You may even begin to see him keeping his head straight, deliberately controlling himself and keeping his nose away from your treat pouch. That definitely gets a click and treat!
When you feel as though you have made a bit of progress with this lesson, switch back to some targeting from last week’s blog. You can alternate back and forth between these two lessons. Use one round of 20 treats for targeting. Use the next round for this new lesson. When you’re finished for the day, use your end of training ritual. For example, you could empty your pouch on the last click and treat into a food bowl, place it in his stall and then close the stall door. Develop your own signal for being finished so your horse will come to know when he is done.
This new lesson is called “the grown-ups are talking, please don’t interrupt”. It is one of the foundation lessons in clicker training. If you’d like a more in-depth look at it you may order Alexandra Kurland’s book or DVD from me.
Both you and your horse are learning that he must perform a ‘behaviour ‘ in order to get a treat. He will not get treats just any old time. The vending machine can’t be mugged. There are new rules to this treat game. You will pay him for doing a wanted behaviour..payment for work if you like to look at it as a paycheque. You work for a paycheque so why shouldn’t he? You will both come to enjoy the game now that you both know the rules. If you consistently follow these simple guidelines for treat delivery it will certainly help both eliminate and prevent the dreaded muggy horse that is associated with feeding treats. A properly trained clicker horse is pleasant and polite even if you have a pouch full of treats.
Your Own “Grand Prix” Horse
In dressage a grand prix horse is one that has achieved the highest level of training. In clicker training we can all have “grand prix” horses. Here’s how:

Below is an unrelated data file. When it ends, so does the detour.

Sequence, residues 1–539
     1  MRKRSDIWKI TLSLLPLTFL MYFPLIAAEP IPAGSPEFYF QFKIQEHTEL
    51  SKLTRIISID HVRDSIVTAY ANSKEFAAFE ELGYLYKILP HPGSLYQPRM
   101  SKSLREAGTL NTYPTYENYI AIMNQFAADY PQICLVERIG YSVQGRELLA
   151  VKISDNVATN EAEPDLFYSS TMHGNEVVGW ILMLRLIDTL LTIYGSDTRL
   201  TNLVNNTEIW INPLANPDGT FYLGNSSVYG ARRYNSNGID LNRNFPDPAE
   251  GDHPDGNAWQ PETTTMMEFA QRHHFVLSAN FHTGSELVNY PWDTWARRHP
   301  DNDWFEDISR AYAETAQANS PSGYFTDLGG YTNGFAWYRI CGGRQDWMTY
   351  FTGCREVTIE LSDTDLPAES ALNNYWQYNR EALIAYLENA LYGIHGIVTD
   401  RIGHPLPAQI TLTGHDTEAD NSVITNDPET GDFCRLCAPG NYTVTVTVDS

A “training level” clicker horse has learned to move his nose away from the treat pouch and keep his head still for a few seconds. A more advanced horse will not only have his nose away from your pouch, he’ll be standing square, ears forward, head at the perfect height. Not only that, you’ll be able to walk around him, leave him to go get your tack, bounce balls behind him, open umbrellas over his head, swing plastic sheets up over his back, and he’ll stay in his “grown-ups are talking” position.
A “grand prix” horse will do all of this. Plus you’ll be able to hold a bucket of grain directly under his nose, and he won’t dive into it until you give him his release signal. In fact you’ll be able to put the bucket down on the ground, walk away, and he’ll wait until you cue him that it’s okay to have his grain. That’s truly turning the ordinary into the extraordinary! (Remember the video Blessing waiting for dinner ?)
Taking a basic manners lesson like grown-ups and expanding it to create these beyond the ordinary manners is the fun of clicker training. You don’t have to have a “fancy” horse to have an amazing horse. All you need is a clicker, a pocketful of treats, and a willingness to have fun!